Homophobia is characteristic of the Kannada literary scene, but the remarkable thing about Vasudhendra is that he does not care.

Society is perfect when mothers look for partners for gay sons Kannada writer Vasudhendra
news Interview Sunday, May 28, 2017 - 15:39

Kannada writer Vasudhendra created quite a storm a few months ago with the publication of his short story collection, Mohanaswamy, in English. This collection was published a few years ago in Kannada to the usual acclaim Vasudhendra gets for all his books, barring one thing. There were gay stories in it, and the critics, predictably and pathetically, ignored the book altogether.

No one spoke about it. However, all his other books are discussed widely in the media. A few went so far as to say that these (the gay stories) were his weakest stories yet. This homophobia was, and is, characteristic of the Kannada literary scene but the remarkable thing about Vasudhendra is that he does not care.

Once he came out to himself, coming out to the world, Kannadiga and literary, or otherwise, did not matter. Indeed, it has become a part of his peculiar activist credo to simply be his gay self in every context in which he chooses to participate.

Vasudhendra started his own publishing initiative more than a decade ago and it is still alive and kicking. He also works as a counsellor with gay people, particularly small town and rural gay boys, helping them come to terms with themselves.

In a freewheeling conversation with Ashley Tellis, over a steaming cup of coffee that he made in his modular kitchen in his wonderful house, Vasudhendra opens up about his universe.

Ashley (A): What was the process of starting your own publishing house like?

Vasudhendra (V): Chanda Pustaka is thirteen years old now. I began writing when I was offered a position in England. Out of my Kannada context, I missed it so much that I wrote three books. I sent them to at least 50 Kannada publishers and got three responses, all negative. The others did not even bother to reply. So, I decided to publish them myself. My books sold out immediately and I had them re-printed.

I wanted to publish and sell young writers. That’s the decision I took. I also instituted a prize at the publishing house for the best first short story collection. It is a Rs 25,000 prize. I have done this for ten years. Young writers are the best writers now in Kannada.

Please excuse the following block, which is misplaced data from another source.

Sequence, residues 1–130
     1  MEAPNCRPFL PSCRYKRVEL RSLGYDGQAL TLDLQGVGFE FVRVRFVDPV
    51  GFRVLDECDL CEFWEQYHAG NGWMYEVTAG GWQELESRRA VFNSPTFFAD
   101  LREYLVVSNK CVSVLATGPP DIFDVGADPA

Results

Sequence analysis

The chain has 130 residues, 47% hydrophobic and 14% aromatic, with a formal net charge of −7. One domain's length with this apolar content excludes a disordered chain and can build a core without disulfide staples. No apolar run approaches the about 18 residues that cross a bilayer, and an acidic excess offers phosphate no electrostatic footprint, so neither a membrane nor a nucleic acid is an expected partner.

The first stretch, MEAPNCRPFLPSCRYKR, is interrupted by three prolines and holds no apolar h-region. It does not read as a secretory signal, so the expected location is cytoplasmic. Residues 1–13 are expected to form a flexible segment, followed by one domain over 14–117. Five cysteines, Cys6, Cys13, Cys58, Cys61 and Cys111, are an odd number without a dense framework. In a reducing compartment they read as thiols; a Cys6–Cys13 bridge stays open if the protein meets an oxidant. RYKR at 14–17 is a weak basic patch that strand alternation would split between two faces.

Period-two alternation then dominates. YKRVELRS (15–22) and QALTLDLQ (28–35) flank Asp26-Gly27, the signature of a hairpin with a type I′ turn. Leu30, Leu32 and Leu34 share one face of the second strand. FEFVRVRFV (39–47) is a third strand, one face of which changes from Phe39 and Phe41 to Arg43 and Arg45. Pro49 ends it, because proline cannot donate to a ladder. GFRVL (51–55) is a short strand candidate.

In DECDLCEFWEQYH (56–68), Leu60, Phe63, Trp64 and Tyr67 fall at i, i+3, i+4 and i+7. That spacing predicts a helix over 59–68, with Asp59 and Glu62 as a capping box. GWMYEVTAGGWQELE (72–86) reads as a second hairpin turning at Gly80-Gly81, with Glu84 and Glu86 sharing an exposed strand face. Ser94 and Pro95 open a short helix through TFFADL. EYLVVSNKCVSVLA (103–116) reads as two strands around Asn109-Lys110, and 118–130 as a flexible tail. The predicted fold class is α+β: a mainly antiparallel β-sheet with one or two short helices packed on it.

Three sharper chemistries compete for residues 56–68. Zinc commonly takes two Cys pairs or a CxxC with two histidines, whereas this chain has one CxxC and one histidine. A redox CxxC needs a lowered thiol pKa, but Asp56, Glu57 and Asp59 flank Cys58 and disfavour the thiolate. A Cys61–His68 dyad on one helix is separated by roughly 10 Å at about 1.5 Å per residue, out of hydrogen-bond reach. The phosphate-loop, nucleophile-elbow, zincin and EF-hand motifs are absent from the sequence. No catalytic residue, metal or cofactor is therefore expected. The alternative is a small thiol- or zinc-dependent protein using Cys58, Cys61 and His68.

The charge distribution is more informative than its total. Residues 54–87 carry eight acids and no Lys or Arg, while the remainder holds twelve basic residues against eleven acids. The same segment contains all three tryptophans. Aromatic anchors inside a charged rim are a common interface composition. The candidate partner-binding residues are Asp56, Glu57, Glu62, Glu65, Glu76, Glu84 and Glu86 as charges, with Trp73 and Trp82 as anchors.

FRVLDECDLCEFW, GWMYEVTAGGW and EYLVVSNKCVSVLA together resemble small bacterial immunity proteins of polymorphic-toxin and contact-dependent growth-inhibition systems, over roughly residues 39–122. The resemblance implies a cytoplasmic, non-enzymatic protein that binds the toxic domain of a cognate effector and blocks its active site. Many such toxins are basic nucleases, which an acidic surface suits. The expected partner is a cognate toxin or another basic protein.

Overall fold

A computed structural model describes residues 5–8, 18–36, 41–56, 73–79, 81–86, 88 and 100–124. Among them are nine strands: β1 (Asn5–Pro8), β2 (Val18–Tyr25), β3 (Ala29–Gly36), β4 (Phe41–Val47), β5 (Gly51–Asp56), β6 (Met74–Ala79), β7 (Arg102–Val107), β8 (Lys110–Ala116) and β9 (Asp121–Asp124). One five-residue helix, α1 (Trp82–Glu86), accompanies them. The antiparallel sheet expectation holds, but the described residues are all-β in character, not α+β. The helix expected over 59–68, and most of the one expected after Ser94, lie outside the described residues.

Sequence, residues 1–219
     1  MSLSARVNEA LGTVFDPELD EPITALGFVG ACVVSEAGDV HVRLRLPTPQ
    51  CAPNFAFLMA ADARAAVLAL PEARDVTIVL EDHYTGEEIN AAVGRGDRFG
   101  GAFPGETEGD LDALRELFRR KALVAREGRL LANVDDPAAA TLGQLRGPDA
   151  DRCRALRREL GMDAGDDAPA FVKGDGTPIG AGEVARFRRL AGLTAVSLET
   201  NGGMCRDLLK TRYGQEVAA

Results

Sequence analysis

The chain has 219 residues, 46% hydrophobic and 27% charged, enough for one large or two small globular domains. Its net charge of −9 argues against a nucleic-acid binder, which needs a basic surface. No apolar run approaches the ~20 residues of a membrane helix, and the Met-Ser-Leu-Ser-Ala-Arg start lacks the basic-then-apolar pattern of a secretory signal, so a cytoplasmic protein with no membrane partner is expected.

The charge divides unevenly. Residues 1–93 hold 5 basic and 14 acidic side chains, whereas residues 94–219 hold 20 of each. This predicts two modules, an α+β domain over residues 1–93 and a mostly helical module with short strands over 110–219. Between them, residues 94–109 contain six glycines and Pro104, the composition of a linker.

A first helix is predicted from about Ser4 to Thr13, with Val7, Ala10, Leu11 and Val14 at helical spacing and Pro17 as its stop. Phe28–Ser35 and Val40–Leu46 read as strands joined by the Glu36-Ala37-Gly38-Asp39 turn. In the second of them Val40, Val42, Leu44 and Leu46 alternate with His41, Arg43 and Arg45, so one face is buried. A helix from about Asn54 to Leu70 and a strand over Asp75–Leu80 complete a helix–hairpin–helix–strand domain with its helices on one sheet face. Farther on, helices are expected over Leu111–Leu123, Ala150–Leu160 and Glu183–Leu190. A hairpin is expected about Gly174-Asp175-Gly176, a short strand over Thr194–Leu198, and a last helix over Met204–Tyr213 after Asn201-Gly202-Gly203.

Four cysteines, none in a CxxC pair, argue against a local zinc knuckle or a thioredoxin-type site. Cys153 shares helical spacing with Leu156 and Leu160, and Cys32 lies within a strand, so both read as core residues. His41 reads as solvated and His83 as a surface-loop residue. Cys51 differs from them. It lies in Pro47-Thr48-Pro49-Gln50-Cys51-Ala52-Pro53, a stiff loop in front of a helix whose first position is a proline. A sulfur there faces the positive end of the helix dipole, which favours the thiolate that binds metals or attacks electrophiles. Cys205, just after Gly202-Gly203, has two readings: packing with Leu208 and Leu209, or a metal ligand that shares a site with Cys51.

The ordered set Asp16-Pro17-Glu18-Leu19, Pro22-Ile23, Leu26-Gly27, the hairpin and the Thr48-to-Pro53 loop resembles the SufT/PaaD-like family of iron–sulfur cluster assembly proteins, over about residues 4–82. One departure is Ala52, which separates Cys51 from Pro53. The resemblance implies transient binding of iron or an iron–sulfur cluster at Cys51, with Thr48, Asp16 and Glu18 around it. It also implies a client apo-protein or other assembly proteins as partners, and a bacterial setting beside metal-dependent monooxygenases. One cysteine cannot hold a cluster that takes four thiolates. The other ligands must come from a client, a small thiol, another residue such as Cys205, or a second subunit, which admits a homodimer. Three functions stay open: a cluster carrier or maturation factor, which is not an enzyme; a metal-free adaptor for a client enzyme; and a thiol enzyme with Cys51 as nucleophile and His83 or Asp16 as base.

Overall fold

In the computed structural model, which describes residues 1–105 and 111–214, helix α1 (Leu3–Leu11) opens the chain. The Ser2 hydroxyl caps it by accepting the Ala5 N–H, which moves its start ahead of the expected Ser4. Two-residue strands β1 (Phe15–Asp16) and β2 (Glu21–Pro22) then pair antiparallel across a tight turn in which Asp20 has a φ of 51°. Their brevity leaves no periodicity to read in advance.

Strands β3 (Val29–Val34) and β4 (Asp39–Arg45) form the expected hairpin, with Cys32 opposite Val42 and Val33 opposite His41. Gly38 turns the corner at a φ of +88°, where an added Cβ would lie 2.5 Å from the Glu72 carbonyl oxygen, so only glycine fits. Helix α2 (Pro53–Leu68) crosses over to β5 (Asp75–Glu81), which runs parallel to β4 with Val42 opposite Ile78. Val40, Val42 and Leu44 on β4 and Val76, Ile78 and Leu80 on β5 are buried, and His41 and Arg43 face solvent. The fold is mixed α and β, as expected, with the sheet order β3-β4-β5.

A: What is your usual print run? What are the returns like?

V: I print a 1000 copies of all the books I publish. My own books do pretty well and have six and sometimes eight reprints. I put all the earnings back into publishing young writers. Some of them also go into reprints. I do the distribution mostly myself. I can easily sell 1500 copies of all the books I publish or my own books myself.

A: You write about many other themes than just the gay one. Does a gay sensibility inform all your writing?

V: I have written an entire book about my mother. It was very popular and went into 18 reprints. It also won the Karnataka Sahitya Akademi prize. I have written about Brahmin widows in rural Karnataka. I have written about lives in the IT industry, about society under globalisation. There are the shades of a gay sensibility in most of my writings.

‘Anagha’ was my first gay story in a collection called Chelu. I was afraid of writing in first person. I felt I had to protect myself. But now, I may not even write about gays any more.

A: Describe for us the process of your writing?

V: Writing for me is like putting rangoli in front of your house. You connect the dots with lines. Intimate experiences are the dots. I connect the dots when I write. You can make different patterns with the same dots through modes of narration, through techniques. You are a rich author if you have many dots.  All sorts of things come together, bear connections that you never thought they had, but they do